So if there was anyone at all that ever felt snubbed by me, I sure as hell hope they would come to me to my face and tell me. Maybe you should, too, if they are someone you feel you can approach. If not, blow it off and KEEP WRITING.

So many people in one place is tough. It has been every year. Overwhelming and discombobulating. (I love using big words.)

Don't you dare stop writing over a few instances at BlogHer that were upsetting. Your writing is terrific and I would be upset to lose you in the blogging world. Personally, I really enjoyed meeting you and talking to you. (If you even remember that we did with so many people there! lol)

Crunchy Domestic Goddess said...

i am new to your blog (came this way via jazz's blog), but i just have to say wow. i've never been to blogher and thought it sounded like a good time, but now i'm not so sure. it's sad that women can often be so hard on each other. why does that have to happen?
anyway, even though i am new to your blog, i can tell you've got a lot to share and i hope you'll stick around. :)

Unknown said...

This is really an interesting read for me as I blog to self-publish and test my writing ability (or lack of) on a general audience ... not to be the Prom Queen of female bloggers. I never thought about women not supporting women in this venue. I love the fact that people - both male and female - are writing about so many things. Women are foolish to put down other women in any sort of business venture ... men bloggers support and help eachother. If we are ever to hold the positions above the glass ceiling, then we had better stop biting eachother's backs and helping eachother up. How great (and brave) of you to share your observations on this "all female" supported event. Maybe you should plan your own conference and all us fun women will come to yours...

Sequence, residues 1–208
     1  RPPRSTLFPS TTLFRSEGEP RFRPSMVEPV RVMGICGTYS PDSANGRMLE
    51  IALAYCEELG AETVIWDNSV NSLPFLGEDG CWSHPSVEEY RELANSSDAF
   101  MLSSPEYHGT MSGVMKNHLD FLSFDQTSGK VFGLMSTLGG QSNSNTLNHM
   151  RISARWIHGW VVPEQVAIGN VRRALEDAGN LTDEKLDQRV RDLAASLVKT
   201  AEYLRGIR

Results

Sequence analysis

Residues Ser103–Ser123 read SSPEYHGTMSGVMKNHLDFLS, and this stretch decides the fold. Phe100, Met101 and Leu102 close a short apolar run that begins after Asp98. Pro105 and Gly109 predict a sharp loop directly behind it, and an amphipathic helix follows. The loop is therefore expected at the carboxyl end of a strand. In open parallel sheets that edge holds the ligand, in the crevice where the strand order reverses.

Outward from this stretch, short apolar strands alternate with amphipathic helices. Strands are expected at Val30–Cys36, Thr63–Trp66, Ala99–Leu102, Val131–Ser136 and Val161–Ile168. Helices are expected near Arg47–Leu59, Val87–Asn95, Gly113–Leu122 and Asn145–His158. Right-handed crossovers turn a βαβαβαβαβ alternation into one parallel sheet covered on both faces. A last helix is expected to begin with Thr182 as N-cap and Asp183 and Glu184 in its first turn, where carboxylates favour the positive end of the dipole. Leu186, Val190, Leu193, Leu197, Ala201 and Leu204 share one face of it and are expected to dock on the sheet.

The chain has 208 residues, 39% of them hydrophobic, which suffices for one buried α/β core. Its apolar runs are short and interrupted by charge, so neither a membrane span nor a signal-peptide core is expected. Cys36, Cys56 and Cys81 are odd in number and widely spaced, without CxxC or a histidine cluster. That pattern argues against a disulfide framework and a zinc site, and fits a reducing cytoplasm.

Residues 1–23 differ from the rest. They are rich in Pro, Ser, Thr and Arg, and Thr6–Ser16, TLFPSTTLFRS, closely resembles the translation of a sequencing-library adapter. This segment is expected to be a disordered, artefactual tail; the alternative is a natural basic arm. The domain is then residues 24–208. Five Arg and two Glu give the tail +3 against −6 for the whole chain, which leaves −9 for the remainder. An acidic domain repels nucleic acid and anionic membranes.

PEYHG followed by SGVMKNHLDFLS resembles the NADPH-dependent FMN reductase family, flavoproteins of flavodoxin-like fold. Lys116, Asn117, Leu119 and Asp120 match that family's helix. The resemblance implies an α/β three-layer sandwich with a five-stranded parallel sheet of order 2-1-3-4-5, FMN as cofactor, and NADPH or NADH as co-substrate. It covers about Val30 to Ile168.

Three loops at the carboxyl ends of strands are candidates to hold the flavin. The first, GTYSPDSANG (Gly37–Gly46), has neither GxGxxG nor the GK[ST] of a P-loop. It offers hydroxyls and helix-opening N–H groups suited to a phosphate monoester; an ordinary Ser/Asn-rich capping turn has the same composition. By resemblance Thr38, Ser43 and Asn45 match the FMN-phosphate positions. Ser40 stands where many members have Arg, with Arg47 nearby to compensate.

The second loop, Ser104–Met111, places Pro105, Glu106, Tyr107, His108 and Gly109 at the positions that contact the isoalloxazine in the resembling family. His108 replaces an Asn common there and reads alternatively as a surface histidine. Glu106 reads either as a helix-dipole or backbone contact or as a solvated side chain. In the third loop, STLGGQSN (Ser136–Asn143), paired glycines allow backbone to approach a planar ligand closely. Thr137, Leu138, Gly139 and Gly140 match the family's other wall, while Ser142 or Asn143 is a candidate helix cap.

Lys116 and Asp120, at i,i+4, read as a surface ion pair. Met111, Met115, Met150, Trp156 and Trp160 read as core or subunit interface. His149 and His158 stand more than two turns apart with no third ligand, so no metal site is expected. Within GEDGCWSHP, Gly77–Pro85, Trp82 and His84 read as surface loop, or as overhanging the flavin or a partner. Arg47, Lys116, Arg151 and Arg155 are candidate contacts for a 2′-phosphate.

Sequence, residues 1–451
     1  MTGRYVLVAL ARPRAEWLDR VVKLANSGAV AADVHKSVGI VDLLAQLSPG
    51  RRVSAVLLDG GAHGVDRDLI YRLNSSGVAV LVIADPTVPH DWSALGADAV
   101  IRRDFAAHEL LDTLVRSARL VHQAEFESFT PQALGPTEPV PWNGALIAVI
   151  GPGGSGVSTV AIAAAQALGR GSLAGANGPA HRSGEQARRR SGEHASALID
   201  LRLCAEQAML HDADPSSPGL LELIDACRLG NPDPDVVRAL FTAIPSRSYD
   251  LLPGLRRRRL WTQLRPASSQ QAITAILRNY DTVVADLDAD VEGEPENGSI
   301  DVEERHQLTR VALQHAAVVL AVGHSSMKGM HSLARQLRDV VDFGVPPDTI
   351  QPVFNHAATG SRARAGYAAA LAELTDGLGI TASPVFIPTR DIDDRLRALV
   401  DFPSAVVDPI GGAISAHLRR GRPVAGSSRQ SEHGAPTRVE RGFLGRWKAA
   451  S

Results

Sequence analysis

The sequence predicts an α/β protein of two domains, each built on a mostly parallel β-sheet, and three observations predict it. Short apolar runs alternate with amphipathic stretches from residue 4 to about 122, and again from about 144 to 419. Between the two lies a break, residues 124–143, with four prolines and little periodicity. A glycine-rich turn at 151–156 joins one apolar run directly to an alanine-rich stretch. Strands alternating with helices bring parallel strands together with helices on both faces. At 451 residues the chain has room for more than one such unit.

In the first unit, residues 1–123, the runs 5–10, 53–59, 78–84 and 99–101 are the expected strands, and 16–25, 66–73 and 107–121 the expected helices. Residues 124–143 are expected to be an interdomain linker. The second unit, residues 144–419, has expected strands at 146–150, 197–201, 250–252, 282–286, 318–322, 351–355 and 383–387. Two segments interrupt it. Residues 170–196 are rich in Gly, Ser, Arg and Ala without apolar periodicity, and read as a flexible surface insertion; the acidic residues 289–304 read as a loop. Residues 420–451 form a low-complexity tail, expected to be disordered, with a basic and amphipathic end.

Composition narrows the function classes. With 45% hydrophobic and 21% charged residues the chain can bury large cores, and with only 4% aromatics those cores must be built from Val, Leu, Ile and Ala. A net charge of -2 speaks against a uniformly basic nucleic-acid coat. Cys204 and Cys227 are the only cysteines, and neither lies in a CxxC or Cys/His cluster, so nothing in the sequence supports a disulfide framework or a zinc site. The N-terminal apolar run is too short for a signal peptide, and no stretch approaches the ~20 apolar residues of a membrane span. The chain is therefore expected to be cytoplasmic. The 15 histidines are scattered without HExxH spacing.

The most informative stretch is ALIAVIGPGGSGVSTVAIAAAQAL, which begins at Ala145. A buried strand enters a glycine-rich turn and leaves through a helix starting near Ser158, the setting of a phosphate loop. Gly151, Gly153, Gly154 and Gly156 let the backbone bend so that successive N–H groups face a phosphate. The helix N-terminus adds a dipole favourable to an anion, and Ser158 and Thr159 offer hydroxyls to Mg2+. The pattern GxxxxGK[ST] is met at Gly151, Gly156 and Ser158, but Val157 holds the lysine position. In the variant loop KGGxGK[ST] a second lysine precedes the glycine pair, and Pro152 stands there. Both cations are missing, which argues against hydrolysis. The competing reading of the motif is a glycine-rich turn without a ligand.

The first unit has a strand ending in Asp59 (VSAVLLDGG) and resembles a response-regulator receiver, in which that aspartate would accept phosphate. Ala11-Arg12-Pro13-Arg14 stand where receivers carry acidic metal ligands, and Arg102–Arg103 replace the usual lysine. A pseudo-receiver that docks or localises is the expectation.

Catherine, the redhead

Blog Owner said...

This is my first time to your blog and I am SO glad I made my way here. I just started blogging a few months ago and wasn't at all familiar with the blogging politics. I have been to so many incredible sights the two comments left, then go somewhere else to read a line or two that they don't have much to say so will be back the next day, and POOF, 50 comments.

This helps clarify for me. Thanks for offering a broader picture to the newbies. I will DEFINITELY be back to your blog again :) Hope it's here when I get here!

Kimberly said...

I felt the need to escape to a quiet place many times because it was just so freaking non-stop. I live in a pretty quiet world so 4 days of feeling like I was in some sort of sorority party was mind blowing at times. At one point I had a meltdown in the rooftop bathroom and quickly had to pull my shit together when a couple of bloggers straggled in to pee. I felt the popularity pull as well but that didn't bug me as much as the session that made me feel like I really had to reason to even be blogging. Bitches.

One of my favorite times was sitting at the lunch table with you and the other VA girls chatting it up about grocery stores and traffic. I felt very at home then.

And BTW- when ever I saw you, you were in a large group of very fun looking women having a blast. SO much so, that I was afraid to approach you. I guess we're all a little lame, huh?